Over 100 years after an Act came in, we finally have some clarity. On 1 October 2019, the Court of Session provided welcome clarification on the Scots law concept  of “tacit relocation” in M7 Real Estate Investments Partners VI Industrial Propco Limited v Amazon UK Services Limited [2019] CSOH 73.

What is tacit relocation and how can it be prevented?

Tacit relocation is the concept that provides for the automatic (and silent) renewal of both commercial and residential leases on expiry of the original agreed duration. Nothing has to be said or written by the parties for this renewal to take effect.

The inevitable consequence for businesses that don’t know about this, is that they remain bound to a lease that they probably thought had come to an end. This often leads to tenants being liable to pay rent for a property they no longer want. Failing to deal with tacit relocation can be very costly.

The most common way of preventing a lease from silently renewing is for a landlord to serve a tenant with a notice to leave the property or for the tenant to serve the landlord with a notice of its intention to do so. Such notices are known as “Notices to Quit”. The law governing these notices is complex and has caused many to go to court for a ruling on whether a lease has been validly brought to an end or not.

Section 34 of the Sheriff Courts (Scotland) Act 1907

The common law on tacit relocation is relatively straightforward. 40 days’ clear notice is required; otherwise a commercial lease will renew. The operation of tacit relocation was thrown into some uncertainty however by the terms of section 34 of the Sheriff Courts (Scotland) Act 1907, and has remained uncertain for over 100 years - at least until the recent judgement in M7 Real Estate Investments.

Section 34 provides a statutory procedure for removing tenants without having to obtain a court order. The procedure only applies however to certain leases over land exceeding two acres in size. To make use of this procedure, landlords are required to serve a Notice to Quit between one and two years before the termination date. Section 34 provides that if such notice is not given “… the lease shall be held to be renewed by tacit relocation for another year...”

Uncertainty, risk and cost

The wording of section 34 gave rise to uncertainty as to how it interacted with the common law operation of tacit relocation. Would a 40 day notice under the common law still prevent tacit relocation where the land let exceeded two acres in size? It was thought by some that the effect of section 34 was that at least one year’s clear notice had to be given in respect of all leases over land exceeding two acres in size.

One of the many issues with section 34 was whether or not it was restricted to certain removal procedures. Uncertainties in these types of matters means risk for landlord and tenants. Most practitioners chose to deal with this uncertainty by giving at least one year’s clear notice.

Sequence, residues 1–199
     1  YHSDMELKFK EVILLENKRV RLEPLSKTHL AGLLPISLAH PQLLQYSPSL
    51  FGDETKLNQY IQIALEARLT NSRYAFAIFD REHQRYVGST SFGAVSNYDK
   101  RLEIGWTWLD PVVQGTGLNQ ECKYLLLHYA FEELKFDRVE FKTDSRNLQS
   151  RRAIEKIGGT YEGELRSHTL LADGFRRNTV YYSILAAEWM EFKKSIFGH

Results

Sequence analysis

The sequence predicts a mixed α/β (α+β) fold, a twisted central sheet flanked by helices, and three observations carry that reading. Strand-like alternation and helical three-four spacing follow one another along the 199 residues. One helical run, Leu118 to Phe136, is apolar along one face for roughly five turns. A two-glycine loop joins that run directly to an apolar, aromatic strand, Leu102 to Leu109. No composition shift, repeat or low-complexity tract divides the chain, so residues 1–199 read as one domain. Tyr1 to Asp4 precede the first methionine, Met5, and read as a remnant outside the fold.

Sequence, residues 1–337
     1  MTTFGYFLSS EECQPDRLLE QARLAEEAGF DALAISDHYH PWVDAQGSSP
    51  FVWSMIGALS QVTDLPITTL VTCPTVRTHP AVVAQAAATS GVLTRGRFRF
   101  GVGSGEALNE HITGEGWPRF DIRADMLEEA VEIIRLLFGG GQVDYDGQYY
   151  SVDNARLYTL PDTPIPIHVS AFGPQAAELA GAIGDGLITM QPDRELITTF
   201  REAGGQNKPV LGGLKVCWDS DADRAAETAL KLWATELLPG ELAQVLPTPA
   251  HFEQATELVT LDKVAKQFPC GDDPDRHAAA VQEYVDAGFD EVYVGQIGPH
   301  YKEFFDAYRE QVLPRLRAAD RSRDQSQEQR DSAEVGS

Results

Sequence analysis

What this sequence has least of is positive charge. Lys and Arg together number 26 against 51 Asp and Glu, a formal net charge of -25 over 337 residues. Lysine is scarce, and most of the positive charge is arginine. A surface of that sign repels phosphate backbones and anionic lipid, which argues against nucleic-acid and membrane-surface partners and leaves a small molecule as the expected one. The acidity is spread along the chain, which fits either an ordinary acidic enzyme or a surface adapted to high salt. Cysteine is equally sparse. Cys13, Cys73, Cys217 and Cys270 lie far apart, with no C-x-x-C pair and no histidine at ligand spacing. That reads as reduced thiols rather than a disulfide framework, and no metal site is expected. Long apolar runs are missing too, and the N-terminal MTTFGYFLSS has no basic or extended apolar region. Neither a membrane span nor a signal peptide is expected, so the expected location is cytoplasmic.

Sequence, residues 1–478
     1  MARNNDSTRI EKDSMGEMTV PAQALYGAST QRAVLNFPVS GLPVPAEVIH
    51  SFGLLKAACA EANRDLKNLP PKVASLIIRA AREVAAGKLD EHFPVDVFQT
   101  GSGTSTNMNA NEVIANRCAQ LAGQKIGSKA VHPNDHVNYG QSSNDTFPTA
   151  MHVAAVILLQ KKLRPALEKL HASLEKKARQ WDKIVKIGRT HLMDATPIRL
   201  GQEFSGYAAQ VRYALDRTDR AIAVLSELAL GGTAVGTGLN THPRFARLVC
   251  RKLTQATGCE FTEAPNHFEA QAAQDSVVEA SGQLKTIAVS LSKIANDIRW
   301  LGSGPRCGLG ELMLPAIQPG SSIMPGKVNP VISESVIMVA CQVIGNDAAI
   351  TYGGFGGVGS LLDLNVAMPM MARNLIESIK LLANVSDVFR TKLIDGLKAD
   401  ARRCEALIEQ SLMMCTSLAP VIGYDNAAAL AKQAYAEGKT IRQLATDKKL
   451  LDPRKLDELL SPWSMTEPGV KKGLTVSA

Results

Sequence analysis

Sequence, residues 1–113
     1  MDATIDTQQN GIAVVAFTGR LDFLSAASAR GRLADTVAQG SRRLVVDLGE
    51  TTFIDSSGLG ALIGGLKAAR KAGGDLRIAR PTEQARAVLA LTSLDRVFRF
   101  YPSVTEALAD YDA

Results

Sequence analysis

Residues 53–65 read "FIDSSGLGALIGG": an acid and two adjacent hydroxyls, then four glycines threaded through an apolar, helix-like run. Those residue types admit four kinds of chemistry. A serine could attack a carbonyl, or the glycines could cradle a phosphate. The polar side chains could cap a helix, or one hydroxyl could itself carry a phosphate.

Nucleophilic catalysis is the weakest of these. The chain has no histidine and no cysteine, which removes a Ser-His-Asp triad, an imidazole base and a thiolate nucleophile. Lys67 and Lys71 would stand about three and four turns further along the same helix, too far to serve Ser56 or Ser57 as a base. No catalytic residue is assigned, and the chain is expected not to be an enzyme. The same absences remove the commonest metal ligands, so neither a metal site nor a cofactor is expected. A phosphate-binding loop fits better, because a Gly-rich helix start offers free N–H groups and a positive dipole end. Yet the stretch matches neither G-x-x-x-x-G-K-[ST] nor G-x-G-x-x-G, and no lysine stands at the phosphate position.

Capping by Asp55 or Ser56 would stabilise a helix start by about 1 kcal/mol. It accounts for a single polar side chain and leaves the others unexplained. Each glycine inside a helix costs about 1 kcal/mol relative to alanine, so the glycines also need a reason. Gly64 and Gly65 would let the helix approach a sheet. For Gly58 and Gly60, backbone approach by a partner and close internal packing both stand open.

The clarification: M7 Real Estate Investments Partners VI Industrial Propco Limited v Amazon UK Services Limited

M7 were the landlord and Amazon the tenant of premises in Gourock. The premises exceeded two acres in size. M7 gave slightly less than six months’ notice for Amazon to leave the premises.

Amazon argued that as M7 had not given a year’s notice, the lease was held to have renewed by tacit relocation for another year in terms of section 34. M7 argued that section 34 was merely an additional means of removing a tenant, and so M7 only had to give 40  days’ notice (the common law period).

The court agreed with M7. It decided that section 34 did not make a substantive change to the common law of tacit relocation. The requirement to give at least one year’s notice only applied to landlords wishing to make use of the statutory removal procedure. The six months’ notice served by M7 did not entitle them to use that, but it did prevent tacit relocation and termination of the lease.

One less uncertainty?

We wait to see whether the decision will be appealed.

In the meantime, anyone who has served a notice to quit a lease of land exceeding two acres in size can sleep a little easier. Most will probably still prefer to serve one year’s notice given the consequences if insufficient notice is given. However, for those who either miss that one year deadline (make sure it is in your diary!) or only decide to terminate the lease after the one year deadline, M7 Real Estate Investments provides welcome clarification that section 34 does not trample over the common law operation of tacit relocation and that 40  days notice is sufficient to terminate all commercial leases. M7 Real Estate Investments is a big step in resolving a long-standing uncertainty.

A final word to the wise: we serve commercial lease notices on a daily basis, and are always happy to take the strain and risk away from you, no matter the size of the lease.